goods are not delivered, or if there is a dispute with the merchant.

I recently got a $1,000 charge from Amazon.com. The credit card company told me that it was for 'books'. I knew I didn't buy $1,000 of books. I told the company (I did have to write a letter), and they took it from there. I never did find out what was going on, but in due course the charge was dropped. In the meantime, I did not need to pay it, and all interest charges were reversed when the charge was dropped.

With a debit card, it would be me talking to Amazon who had no record of these purchases in my account. I shudder just thinking about it.

Collapse -
Not always, kidpeat...
by J. Vega / September 18, 2005 10:47 AM PDT

Not always, kiddpeat. It just happened to me. I called the bank, they investigated it, and in about a week I got a letter from the bank telling me that the charge was invalidated and the money was returned to the debit card account. They said that the card was protected from such stuff, and they were right.

Collapse -
Not so. It is simple matter to tell the credit card company
by Kiddpeat / September 18, 2005 10:18 AM PDT
In reply to: Because , Kiddpeat...

that the charges are fraudulent. You are on the hook for $50. That's the extent of your exposure. I've had a handful of fraudulent charges over the years. They are handled with two or three phone calls.

$100 on a card largely negates the advantage. If you want to get a big ticket item, you have to arrange a deposit before purchase. If you don't keep the balance low, you risk getting cleaned out. As far as I know, there is no federal law limiting your liability.

Collapse -
Bank of America ...
by Evie / September 18, 2005 10:22 AM PDT

... advertises credit card-like protections for their debit cards. I haven't read the fine print on mine to be sure exactly how thorough that is (never keep much in the card-linked account anyway). With free online banking, it is easy to keep the funds in a savings or other account. When I do a transfer online, the funds are available instantly.

Evie Happy

Collapse -
That would help, but they can always change the plan. A
by Kiddpeat / September 18, 2005 10:27 AM PDT
In reply to: Bank of America ...

credit card is protected by federal law. $50 maximum liability.

Collapse -
True ...
by Evie / September 18, 2005 10:40 AM PDT

... but I would receive sufficient advance notice to alter my "plan". As I said, I don't take advantage of this anyway. Incidentally, my BoA debit card, although it has a VISA logo, almost always goes through as a debit purchase -- requiring my PIN -- without the merchant asking or me choosing.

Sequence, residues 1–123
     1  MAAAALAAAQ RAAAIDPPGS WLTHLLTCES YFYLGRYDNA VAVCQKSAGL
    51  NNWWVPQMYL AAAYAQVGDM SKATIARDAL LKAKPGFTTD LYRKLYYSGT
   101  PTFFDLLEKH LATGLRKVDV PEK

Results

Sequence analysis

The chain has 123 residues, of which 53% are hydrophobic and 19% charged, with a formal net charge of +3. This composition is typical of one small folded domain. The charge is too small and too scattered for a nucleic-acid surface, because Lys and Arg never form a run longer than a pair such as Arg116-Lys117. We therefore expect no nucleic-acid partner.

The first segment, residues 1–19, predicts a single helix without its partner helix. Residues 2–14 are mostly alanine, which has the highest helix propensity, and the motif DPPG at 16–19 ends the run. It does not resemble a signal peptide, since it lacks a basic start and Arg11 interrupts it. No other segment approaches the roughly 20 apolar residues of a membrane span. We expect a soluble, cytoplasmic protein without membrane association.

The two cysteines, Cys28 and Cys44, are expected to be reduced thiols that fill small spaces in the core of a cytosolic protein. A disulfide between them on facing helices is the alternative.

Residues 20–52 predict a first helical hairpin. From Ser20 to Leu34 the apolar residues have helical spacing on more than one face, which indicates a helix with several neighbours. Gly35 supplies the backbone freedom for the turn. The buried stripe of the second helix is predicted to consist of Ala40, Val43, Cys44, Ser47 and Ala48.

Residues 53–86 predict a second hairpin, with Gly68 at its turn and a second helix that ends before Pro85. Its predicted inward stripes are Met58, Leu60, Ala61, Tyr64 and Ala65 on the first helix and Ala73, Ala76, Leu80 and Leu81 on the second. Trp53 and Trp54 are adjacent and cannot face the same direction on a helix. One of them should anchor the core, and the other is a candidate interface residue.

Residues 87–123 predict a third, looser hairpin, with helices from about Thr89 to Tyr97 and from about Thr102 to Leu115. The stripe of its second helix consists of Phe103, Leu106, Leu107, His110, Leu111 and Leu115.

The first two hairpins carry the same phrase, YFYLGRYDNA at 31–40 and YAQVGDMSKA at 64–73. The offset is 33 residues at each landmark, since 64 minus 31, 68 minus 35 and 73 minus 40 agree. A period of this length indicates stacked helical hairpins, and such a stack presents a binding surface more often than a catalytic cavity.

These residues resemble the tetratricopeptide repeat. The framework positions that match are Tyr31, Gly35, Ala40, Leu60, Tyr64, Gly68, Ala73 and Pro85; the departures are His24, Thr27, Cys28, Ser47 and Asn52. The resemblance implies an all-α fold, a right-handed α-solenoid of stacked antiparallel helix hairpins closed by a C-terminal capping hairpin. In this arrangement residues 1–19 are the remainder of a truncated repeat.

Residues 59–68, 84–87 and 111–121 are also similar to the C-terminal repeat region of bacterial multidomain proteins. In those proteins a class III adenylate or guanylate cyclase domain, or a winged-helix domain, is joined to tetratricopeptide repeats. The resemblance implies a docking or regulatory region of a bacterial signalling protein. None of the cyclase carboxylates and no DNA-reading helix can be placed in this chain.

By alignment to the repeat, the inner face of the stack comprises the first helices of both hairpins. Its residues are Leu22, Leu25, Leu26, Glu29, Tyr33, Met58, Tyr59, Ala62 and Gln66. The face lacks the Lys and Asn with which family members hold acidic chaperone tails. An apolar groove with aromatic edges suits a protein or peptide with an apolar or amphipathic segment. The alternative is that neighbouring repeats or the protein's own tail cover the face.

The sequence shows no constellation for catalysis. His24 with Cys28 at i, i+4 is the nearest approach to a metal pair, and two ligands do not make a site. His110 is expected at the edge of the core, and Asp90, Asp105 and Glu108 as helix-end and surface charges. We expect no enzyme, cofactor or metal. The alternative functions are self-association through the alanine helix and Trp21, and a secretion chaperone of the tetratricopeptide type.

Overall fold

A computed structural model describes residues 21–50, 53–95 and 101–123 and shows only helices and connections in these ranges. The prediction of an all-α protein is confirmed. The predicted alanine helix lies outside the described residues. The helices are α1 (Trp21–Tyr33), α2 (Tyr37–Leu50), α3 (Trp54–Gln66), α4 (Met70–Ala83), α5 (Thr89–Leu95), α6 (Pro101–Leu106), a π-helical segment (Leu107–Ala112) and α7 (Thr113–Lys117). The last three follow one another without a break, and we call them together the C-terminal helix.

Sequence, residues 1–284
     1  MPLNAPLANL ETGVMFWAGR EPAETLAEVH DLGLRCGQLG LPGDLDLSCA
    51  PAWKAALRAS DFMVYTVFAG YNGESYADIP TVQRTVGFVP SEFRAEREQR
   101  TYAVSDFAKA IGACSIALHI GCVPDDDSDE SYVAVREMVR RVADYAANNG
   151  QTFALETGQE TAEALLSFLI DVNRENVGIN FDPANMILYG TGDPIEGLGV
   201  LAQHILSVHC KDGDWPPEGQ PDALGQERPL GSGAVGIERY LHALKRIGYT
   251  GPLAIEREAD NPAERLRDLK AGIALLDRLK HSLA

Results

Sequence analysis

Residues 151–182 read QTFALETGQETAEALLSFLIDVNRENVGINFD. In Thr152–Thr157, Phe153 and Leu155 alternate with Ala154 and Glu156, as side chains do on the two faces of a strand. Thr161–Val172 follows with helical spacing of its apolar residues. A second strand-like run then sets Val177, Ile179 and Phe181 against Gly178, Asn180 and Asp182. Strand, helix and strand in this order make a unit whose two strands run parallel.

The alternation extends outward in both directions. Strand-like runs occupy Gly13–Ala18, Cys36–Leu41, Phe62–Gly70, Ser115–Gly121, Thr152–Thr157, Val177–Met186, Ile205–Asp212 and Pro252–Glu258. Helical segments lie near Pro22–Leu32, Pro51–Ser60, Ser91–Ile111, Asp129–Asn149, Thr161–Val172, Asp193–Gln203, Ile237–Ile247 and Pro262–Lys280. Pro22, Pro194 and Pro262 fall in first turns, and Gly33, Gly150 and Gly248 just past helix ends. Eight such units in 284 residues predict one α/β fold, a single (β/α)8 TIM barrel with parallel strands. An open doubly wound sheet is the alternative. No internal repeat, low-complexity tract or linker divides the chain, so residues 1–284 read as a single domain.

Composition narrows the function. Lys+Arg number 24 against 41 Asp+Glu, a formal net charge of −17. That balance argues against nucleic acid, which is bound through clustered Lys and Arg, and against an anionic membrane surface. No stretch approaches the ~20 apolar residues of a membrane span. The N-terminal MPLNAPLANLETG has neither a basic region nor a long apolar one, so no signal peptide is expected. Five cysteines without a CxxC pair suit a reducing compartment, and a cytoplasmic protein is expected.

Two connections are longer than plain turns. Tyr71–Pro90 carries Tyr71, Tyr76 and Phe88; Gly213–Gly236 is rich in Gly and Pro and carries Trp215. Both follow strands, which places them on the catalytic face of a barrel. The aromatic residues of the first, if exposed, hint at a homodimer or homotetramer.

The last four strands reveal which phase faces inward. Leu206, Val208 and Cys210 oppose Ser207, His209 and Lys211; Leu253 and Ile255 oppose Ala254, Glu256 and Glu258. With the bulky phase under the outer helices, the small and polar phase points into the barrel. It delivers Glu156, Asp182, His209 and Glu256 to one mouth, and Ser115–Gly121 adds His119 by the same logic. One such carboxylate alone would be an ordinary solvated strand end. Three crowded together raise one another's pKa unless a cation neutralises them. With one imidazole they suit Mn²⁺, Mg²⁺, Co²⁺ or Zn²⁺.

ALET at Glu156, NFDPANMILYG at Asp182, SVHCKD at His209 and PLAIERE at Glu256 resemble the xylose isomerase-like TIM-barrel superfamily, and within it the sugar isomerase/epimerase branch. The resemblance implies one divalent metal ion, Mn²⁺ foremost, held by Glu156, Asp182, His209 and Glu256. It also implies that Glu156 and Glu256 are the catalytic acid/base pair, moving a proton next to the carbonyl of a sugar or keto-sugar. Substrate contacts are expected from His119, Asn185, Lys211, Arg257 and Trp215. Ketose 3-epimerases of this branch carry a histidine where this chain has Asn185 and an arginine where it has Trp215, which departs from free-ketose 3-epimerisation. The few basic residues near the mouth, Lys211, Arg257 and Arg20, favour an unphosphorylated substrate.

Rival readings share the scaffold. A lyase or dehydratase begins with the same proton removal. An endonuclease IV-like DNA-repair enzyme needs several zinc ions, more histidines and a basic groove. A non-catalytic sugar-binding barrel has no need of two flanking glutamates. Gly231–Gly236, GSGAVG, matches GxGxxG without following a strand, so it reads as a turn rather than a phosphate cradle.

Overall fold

I sign and use my hubby's cards all the time and have rarely been stopped. Most merchants no matter what they say don't bother to check the signature against the panel, get ID or whatever. So I actually feel safer if I lost a debit card than a credit card in SOME ways.

Evie Happy

Collapse -
If that's the case, kiddpeat...
by J. Vega / September 18, 2005 10:52 AM PDT

Kiddpeat, if that's the case, then I'm much better off with a debit card. With that bogus charge that I mentioned in another post, I got back every cent of the money in about a week. No on the hook for $50, or any amount for that matter.

Collapse -
Not really. That's the maximum exposure allowed by law. I've
by Kiddpeat / September 18, 2005 2:48 PM PDT

never had to pay it.

Collapse -
But I don't use credit
by C1ay / September 18, 2005 12:12 PM PDT

I haven't bought anything on credit for nearly 20 years. I enjoy the fact that everything I own is paid for even when I use the only piece of plastic I carry, my debit card.

Collapse -
The problem, Evie,...
by Paul C / September 18, 2005 9:50 AM PDT

...is thet the card issuer (Master Card - we've done a couple on evacuees who needed to get cars repaired) doesn't know what the purchase is, merely the amount of the purchase. All they're able to do is verify that funds are still available on the account.